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Compare ETFs and index funds in the mutual fund landscape

Imagine you are an investor looking to build a secure future through long-term financial planning and wealth accumulation. You know that investing is essential to achieving your financial goals, but you lack the expertise or resources to actively manage a portfolio, or your schedule is too hectic. So how do you still capitalise on the potential growth of the market? The answer lies in looking into investing in passive investments such as exchange traded funds (ETFs) and index funds. 

AnETF is traded like a regular stock on the stock exchange. It holds a basket of stocks, bonds, or commodities reflecting the composition of the underlying index. An index fund is a type of mutual fund with a portfolio constructed to track or replicate the performance of an underlying index such as the Sensex or the Nifty.

Both investment options serve the purpose of tracking market performance while allowing investors to diversify their portfolios. However, they differ in management style, expense ratio, cost structure, liquidity, trading flexibility, and more. To help you make the right decision, let’s examine these two financial products in the mutual fund landscape and how they can fit into your investment strategy overall.

ETFs vs. index funds – Key differences to consider

  • Pricing and trading

ETF prices are determined in real-time throughout the trading day, whereas index fund prices are only updated once per day after the markets close. This means that ETFs provide more flexibility for investors who want to buy or sell throughout the trading session. 

  • Portfolio disclosure

ETF funds have a higher level of transparency as they are required to disclose their holdings on a daily basis. This allows investors to make quick decisions based on market movements and have an up-to-date snapshot of their investments.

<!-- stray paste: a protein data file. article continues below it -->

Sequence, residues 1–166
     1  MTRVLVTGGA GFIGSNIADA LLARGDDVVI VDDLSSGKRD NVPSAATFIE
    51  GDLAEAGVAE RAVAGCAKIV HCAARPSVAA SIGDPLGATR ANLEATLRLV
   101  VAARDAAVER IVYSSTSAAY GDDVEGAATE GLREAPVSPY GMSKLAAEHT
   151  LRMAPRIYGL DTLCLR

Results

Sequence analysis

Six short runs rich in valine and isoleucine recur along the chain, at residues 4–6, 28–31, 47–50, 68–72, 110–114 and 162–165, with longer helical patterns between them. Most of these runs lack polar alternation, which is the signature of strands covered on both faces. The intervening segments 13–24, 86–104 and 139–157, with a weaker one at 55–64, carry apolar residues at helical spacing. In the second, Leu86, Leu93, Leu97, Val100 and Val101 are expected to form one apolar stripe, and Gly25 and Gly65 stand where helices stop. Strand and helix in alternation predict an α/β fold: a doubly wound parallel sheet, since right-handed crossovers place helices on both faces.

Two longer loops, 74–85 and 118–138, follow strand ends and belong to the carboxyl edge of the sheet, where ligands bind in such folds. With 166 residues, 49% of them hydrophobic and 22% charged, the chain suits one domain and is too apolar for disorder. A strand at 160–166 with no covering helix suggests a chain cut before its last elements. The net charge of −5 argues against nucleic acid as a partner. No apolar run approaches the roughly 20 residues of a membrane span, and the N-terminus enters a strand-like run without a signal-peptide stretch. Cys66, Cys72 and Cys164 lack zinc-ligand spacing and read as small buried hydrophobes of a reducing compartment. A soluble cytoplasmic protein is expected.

Although index funds don’t disclose their holdings as frequently as ETFs, they still offer visible disclosures, typically on a quarterly basis.  

  • Transaction costs/fees

Expense ratios are fees charged by the fund provider to cover the fund’s administrative and management expenses. Index mutual funds are generally known to have higher expense ratios compared to ETFs. However, these funds try to balance this out by incurring fewer transaction costs due to their buy-and-hold strategy. 

ETFs have more frequent trading activity, and each transaction (buying/selling) incurs a transaction cost, affecting investment returns.

  • Tracking error

Generally, ETFs have no obligation to set aside any portion of their funds for liquidity purposes; thus, they can invest more fully into the assets that make up their target index. 

Index fund managers often reserve certain portions of their capital to ensure liquidity to buyers and sellers which can sometimes lead to higher tracking error or less accurate replication of its target index’s performance. However, technological advances have enabled many index fund providers to minimise this discrepancy significantly. 

Should you invest in ETFs or index funds? 

Both ETF and index funds provide diversification as you can gain exposure to entire markets with one purchase instead of buying individual securities separately. However, deciding which mutual funds to invest in should be based on your own financial situation, goals, and risk tolerance levels. Consider factors such as cost, performance, portfolio composition, liquidity, tax savings, and how long you will be investing.   

You can even include both ETFs and index funds in your investment strategy to get exposure to different asset classes and create a well-balanced portfolio for long-term growth. 

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